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South Fork Lakes

Trinity Alps Wilderness

July 3rd, 2017

5.7 miles
1440 vertical feet
Total Time: 4:52

Starting elevation
6223 feet
Max elevation
6759 feet

Rating: 7/10

Directions: From Weaverville, drive north on Highway 3, veering left at the junction. Turn left onto FH 93 toward Cecilville. After 12 miles on FH 93, turn left into the parking lot (Carter Meadows Summit). You'll see a small PCT sign just before the lot, which is up on a little hill. If you end up going downhill on a straightaway (passing Carter Meadows), you've gone too far.   View Driving Map

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GPX File

Finding the parking lot for this hike was a bit of a challenge since it was completely unsigned. Well, there was a small sign indicating that a PCT trailhead was coming up, but that was it. Eventually I figured out that the tiny lot (space for maybe 3-4 cars) was the right one. It's right at a bend of the highway. The lot was full, but there was ample space to park by the side of the road just a short walk from the lot (one other car had already done so).

After prepping, we walked up to the parking lot where we found a trailhead sign (Carter Summit Trailhead). From there, we walked down the trail and immediately came to an intersection. Straight ahead (uphill) is a trail to Hidden Lake. To the left and right is the PCT. We took the left fork, heading downhill on the PCT through the forest.

We encountered two backpackers coming toward us before we crossed a stream. Some views opened up, but much of the route here is still in forest as it starts to climb. After a little over a mile, we reached a subtle intersection. An unsigned trail headed off to the right. The book I had said that there would be a 4-way intersection, with a trail leading off to the left. Eventually I figured out that the trail to the left was now overgrown (we could see faint remnants of it under the grasses). So even though it was unsigned, I was fairly certain the trail to the right was the right one, and we took it.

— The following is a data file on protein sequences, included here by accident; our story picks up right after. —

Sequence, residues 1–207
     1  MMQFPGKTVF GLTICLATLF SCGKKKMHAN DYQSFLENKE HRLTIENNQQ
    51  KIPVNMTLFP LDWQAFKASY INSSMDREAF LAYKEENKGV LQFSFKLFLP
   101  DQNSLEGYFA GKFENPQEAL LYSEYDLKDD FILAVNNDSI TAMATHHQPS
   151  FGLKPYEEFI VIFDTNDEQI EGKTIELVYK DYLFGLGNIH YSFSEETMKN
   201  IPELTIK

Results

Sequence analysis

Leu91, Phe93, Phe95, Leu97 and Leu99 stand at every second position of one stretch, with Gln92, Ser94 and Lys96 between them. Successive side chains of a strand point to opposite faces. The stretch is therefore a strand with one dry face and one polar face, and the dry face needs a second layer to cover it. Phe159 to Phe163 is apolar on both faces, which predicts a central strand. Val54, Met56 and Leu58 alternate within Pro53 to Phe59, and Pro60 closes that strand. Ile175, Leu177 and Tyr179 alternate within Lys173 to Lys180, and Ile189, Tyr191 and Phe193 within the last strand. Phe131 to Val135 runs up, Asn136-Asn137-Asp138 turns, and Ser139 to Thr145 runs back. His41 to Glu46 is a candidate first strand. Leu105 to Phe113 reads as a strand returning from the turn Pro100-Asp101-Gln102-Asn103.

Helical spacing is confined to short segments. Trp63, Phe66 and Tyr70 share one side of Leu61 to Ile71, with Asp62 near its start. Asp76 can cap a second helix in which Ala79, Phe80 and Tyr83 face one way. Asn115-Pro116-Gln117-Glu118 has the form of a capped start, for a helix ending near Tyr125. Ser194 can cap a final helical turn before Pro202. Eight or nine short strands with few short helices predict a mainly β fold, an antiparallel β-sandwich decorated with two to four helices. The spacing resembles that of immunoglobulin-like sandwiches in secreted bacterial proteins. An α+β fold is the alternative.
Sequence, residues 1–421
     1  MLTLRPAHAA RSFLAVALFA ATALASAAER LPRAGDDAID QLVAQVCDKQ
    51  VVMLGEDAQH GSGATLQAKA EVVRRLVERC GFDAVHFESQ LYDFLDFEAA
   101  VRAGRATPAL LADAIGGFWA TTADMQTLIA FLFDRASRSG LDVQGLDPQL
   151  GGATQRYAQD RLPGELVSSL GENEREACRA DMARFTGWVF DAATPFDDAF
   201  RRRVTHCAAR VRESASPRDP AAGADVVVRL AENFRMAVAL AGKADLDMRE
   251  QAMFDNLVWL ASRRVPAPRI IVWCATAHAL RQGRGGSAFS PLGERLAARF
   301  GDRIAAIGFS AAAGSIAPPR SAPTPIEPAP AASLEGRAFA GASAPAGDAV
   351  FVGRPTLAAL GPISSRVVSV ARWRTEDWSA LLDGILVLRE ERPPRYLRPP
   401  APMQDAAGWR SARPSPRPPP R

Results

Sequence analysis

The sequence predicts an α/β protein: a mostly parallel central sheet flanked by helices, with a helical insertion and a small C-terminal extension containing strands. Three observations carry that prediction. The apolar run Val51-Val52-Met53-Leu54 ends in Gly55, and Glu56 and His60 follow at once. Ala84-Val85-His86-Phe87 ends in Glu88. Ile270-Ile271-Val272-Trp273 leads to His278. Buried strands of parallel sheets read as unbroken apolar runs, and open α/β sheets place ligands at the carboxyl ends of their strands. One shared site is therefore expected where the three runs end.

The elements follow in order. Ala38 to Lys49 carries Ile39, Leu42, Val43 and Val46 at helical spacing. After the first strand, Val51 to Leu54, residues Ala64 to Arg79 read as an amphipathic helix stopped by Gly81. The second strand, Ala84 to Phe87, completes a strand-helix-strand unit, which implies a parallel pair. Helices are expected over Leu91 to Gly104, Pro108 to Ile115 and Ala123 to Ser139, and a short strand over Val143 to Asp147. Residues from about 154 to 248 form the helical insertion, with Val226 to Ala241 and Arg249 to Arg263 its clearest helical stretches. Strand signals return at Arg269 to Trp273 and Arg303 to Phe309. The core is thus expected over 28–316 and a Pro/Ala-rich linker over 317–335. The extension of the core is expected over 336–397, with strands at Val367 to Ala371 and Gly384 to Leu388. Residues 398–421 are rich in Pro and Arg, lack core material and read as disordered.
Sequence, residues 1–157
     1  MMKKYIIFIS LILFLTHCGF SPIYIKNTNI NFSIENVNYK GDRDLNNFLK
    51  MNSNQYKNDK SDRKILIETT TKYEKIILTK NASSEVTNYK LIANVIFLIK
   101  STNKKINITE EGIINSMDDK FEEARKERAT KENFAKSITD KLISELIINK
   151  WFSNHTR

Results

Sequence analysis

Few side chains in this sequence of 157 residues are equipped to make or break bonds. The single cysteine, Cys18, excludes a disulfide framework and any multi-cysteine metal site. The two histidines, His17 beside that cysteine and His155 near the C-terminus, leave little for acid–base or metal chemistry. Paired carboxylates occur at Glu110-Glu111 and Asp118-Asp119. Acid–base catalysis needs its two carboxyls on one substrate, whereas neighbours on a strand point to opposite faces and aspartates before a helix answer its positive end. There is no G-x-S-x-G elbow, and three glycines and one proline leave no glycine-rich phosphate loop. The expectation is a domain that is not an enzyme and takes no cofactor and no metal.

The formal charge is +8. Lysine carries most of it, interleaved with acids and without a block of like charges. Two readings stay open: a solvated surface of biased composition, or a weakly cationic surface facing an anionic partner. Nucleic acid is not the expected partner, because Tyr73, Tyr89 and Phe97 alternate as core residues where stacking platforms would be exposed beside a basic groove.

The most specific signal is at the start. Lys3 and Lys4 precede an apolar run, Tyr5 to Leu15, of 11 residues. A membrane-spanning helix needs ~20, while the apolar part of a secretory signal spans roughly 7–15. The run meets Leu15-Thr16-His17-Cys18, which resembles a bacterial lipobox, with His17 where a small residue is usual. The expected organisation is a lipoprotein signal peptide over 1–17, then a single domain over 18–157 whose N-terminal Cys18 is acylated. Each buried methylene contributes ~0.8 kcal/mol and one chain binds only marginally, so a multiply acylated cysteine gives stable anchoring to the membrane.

Creek crossing

The trail now starts climbing more steeply through forest and ferns. Soon the trail breaks out of the forest into a beautiful meadow. At this point the trail disappeared in the meadow. Using the GPS and just looking at the terrain, we were able to figure out where the trail eventually ended up, and we eventually picked it up again. Just veer to the right and you'll find it. We crossed a stream (probably more than one, I can't remember anymore).

Into the meadow


Looking back at the meadow

The trail starts to climb fairly steeply again, and some parts of the trail here were muddy with water running downhill over the trail. On the nice side, it wasn't nearly as hot today, with some cloud cover and some cool breezes.

We reached a saddle, and then the trail descends slightly before flattening out upon reaching the lower South Fork Lake. We saw snow patches in the area, including one right near the shore. It's a pretty little lake pretty much surrounded by trees. We had lunch and skipped rocks and had the the lake all to ourselves.

Lower South Fork Lake

Lower South Fork Lake

The rest of my family waited here while I walked up to the upper lake. It took me all of 5 minutes to reach it. This second lake is slightly bigger, and perhaps prettier as well since it is backed by a mountain, a stream of snow leading down it to the water's edge. There's a camping area a little to the right of the outlet stream (which leads to the lower lake). However, there's not much shade near the actual shore, and I was glad we'd stopped at the first lake for lunch.

Upper South Fork Lake

Upper South Fork Lake

Upper South Fork Lake

Looking back at Upper South Fork Lake

I returned to the first lake, and then we started the return trip back the way we had come. We reached the intersection and turned left to rejoin the PCT. As we were descending on the PCT, we ran into a pair of backpackers, one of whom said they were trying to get 11 more miles in today. I looked at my watch and it read 4:57pm, but they looked like they'd packed light so maybe they could do it. We saw two more hikers shortly after that, one of whom looked like he was lugging a big bag, maybe a crash pad (for climbing), I'm not sure. I think that made the sum total of other people we saw on the trail 6.

Lower South Fork Lake

Reflections in Lower South Fork Lake

Descending back to the meadow

Descending back to the meadow

Back to the meadow

We skipped the parking lot on the way back, taking the PCT all the way to the highway (right where our car was parked). The PCT continues north on the opposite side of the highway. Before this trip I hadn't even known the PCT came this far west. Apparently it does a sharp left and crosses I-5 at Castle Crags State Park. Maybe someday we'll explore more of the PCT in this area. Castle Crags is another place on my list of places to visit in California.

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